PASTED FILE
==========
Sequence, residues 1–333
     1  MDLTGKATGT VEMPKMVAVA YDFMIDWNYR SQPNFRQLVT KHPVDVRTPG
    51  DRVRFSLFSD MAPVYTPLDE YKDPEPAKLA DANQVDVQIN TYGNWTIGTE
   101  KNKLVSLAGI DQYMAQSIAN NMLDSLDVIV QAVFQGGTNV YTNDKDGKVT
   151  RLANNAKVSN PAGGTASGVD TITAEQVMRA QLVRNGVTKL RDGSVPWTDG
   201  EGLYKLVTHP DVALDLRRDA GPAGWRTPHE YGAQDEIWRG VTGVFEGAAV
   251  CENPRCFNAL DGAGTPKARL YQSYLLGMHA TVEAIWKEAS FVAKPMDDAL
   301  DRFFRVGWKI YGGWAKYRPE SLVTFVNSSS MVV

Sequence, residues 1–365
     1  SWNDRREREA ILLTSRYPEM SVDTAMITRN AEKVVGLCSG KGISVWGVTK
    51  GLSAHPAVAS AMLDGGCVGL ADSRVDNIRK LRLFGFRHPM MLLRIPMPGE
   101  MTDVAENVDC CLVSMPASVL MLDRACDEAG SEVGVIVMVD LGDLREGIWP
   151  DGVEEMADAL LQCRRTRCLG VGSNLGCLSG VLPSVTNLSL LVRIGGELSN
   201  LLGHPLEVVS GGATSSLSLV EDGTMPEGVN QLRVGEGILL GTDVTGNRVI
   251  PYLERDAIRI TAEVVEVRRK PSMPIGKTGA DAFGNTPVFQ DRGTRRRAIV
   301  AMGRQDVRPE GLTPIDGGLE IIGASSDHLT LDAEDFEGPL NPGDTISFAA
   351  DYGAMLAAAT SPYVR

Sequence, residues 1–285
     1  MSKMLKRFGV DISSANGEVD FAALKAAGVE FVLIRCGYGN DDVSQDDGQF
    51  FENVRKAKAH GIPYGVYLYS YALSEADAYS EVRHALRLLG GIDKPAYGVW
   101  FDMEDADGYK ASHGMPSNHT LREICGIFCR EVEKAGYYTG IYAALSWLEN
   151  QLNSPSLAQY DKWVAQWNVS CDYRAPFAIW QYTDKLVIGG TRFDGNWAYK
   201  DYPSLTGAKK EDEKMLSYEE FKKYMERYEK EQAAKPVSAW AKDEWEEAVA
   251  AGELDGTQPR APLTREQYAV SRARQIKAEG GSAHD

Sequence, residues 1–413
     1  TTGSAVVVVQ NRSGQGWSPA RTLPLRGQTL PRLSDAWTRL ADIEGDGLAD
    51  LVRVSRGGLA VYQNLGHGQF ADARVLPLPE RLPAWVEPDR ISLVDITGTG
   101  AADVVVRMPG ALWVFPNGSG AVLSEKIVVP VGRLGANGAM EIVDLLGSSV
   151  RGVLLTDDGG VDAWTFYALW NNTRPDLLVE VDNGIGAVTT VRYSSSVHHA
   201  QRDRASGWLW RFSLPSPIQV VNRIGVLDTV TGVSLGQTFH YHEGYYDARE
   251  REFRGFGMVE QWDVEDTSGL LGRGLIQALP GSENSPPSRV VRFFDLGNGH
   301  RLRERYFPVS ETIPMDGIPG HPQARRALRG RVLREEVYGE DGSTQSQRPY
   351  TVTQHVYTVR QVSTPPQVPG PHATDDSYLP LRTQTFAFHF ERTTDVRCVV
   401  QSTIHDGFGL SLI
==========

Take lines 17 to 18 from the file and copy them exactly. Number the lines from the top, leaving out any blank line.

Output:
   351  DYGAMLAAAT SPYVR

Sequence, residues 1–285